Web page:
of both schemes were indulging in mutual recrimination.  By-and-bye, when a
number had left the meeting, Dr. M'KENZIE was voted to the chair, but was
not allowed to address the meeting.  A general cry then got up for "The Corn
Exchange", to which place the supporters of the North British scheme hied
themselves, the Langholm party refusing to go, after what had taken place in
the Town Hall, as to "swamping" the inhabitants.

A considerable number of individuals congregated in the Corn Exchange, at
the end of which a map, showing the route of the proposed lines, and
prepared for Mr. HODGSON, was hung.

On the motion of Dr. M"KENZIE,   Dr. MURRAY took the chair.

The CHAIRMAN called upon Mr. CHISHOLME to move his resolutions.

Mr. CHISHOLME not being present, it was agreed, on the motion of Mr. Walter
WILSON, and seconded by Mr. HODGSON, that a deputation should be sent to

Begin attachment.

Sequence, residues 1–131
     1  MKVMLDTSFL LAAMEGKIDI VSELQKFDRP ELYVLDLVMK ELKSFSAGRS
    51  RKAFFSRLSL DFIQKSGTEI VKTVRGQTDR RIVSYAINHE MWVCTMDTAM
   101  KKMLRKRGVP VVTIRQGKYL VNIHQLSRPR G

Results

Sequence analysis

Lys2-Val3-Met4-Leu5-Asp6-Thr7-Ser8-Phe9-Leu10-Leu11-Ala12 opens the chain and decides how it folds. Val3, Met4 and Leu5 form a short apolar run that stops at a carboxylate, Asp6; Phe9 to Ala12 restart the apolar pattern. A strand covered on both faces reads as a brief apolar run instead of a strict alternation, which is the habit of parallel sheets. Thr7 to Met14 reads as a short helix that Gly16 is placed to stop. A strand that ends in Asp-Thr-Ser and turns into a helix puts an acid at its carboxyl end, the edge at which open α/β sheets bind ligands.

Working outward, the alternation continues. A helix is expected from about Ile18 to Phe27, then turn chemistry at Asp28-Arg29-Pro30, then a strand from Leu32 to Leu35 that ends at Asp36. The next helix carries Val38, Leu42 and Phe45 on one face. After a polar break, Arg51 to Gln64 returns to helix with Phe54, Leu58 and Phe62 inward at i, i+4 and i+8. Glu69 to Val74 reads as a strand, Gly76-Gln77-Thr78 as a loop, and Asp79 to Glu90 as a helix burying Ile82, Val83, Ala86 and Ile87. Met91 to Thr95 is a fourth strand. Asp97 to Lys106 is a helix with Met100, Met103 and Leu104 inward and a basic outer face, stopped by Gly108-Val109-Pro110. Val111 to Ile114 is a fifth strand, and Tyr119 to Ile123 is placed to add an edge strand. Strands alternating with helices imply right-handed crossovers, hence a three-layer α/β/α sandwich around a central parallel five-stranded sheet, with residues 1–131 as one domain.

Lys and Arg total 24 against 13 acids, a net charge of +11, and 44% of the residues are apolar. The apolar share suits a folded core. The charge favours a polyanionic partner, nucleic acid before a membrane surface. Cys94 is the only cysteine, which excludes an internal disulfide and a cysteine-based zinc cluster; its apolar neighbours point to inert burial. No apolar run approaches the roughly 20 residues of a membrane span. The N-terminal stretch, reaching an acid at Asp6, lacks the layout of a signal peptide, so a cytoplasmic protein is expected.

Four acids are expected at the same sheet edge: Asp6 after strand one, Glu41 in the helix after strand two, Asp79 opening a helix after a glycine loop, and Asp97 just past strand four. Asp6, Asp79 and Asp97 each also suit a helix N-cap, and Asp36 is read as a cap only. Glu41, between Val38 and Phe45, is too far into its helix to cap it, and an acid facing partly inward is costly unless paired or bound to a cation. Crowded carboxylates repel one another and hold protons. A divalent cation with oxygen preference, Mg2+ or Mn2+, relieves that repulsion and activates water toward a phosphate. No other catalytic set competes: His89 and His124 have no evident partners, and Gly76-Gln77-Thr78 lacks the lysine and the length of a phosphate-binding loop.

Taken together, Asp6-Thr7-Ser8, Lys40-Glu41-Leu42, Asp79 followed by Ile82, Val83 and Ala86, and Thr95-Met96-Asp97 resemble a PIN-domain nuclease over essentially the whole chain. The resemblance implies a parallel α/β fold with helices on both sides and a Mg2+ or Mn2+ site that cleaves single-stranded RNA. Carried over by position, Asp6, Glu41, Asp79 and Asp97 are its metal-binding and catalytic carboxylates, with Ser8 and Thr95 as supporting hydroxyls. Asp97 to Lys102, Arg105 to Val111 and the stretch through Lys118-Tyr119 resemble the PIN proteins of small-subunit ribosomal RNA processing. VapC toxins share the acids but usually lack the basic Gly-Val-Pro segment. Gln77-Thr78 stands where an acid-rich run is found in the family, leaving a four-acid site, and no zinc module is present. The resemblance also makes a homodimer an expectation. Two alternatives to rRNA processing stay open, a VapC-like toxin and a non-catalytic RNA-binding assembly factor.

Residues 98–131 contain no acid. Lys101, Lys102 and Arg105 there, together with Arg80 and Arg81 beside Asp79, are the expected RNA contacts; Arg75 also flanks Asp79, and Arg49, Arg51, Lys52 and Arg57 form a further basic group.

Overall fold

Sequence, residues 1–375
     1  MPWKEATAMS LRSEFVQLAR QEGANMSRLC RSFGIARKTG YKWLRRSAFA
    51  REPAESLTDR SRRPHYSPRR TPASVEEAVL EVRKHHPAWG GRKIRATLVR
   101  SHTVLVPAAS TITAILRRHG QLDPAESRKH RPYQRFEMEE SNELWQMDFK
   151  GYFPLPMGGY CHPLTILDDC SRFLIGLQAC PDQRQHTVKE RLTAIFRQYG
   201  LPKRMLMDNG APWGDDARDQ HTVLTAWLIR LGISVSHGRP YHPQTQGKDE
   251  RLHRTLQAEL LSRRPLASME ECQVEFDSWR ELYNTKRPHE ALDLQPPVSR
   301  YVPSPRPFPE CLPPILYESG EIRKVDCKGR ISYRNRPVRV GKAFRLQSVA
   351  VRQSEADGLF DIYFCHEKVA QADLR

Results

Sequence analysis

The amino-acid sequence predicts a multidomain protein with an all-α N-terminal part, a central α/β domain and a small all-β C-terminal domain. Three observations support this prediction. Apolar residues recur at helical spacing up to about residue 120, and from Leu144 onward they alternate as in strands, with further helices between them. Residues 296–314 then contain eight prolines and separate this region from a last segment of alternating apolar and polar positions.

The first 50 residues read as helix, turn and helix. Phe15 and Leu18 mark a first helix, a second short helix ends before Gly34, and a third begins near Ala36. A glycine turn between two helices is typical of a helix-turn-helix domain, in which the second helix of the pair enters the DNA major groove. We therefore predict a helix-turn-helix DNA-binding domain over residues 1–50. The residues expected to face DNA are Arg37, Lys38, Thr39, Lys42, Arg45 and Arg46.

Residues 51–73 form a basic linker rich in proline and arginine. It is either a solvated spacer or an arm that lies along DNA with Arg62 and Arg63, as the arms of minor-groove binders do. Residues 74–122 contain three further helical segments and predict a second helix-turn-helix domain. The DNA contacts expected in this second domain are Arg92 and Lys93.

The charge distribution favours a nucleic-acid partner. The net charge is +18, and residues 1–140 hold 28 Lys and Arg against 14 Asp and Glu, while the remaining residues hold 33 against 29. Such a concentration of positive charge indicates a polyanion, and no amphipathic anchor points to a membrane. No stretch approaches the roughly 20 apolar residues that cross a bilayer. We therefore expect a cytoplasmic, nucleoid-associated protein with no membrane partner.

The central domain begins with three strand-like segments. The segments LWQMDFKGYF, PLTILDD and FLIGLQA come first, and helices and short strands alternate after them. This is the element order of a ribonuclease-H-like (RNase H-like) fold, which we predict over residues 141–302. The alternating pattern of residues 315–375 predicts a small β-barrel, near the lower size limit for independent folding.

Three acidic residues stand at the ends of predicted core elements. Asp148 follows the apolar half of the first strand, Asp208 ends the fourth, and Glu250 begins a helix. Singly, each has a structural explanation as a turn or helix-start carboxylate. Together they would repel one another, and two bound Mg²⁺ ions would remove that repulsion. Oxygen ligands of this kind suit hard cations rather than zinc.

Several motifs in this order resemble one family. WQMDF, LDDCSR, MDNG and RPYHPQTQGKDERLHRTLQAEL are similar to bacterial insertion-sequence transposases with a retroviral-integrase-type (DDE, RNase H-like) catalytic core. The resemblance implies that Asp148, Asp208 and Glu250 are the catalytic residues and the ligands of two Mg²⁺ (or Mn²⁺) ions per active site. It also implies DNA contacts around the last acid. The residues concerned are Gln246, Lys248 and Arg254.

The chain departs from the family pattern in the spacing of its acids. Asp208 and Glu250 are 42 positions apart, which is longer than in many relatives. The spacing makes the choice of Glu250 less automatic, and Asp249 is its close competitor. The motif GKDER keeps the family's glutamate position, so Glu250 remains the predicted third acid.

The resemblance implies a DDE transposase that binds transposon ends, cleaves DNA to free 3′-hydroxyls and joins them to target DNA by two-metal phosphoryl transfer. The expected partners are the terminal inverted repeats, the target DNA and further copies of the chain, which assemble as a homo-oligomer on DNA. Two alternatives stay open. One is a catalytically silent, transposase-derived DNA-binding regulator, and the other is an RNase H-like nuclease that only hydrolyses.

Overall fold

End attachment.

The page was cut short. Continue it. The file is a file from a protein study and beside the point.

him.  Mr. SALKELD, and others, to ask whether they were coming to the
meeting.

The deputation retired, and in a few minutes returned, when.......

Mr. TAIT reported that the deputation had met Mr. DARLING at the door, who,
on being made aware of the purport of their mission, answered for Mr.
CHISHOLME that he would not come to the meeting, as he believed it to be
"packed" from Hawick.

Mr. Alex. HOGG, from Hawick, rose and said that sixty men had come from
Hawick to support the Langholm line, and a  *** that came from Hawick, who
were in favour of the Liddesdale line, did not amount to one-fourth of that
number.  He certainly felt it was ungracious in some of those who came from
Hawick to attend this meeting and support the Langholm line, to have taunted
Mr. HODGSON on the matter, seeing that, but for the kindness with which the
officials of the North British Company treated them, many of them would have
had to have waited at Newtown three hours before they could have reached
Kelso;  but, instead of that, they were accommodated in the express train
from Edinburgh gratis (Hear, hear).

The CHAIRMAN having read the advertisement calling the inhabitants together,
referred to the previous meeting, and said he thought it would have been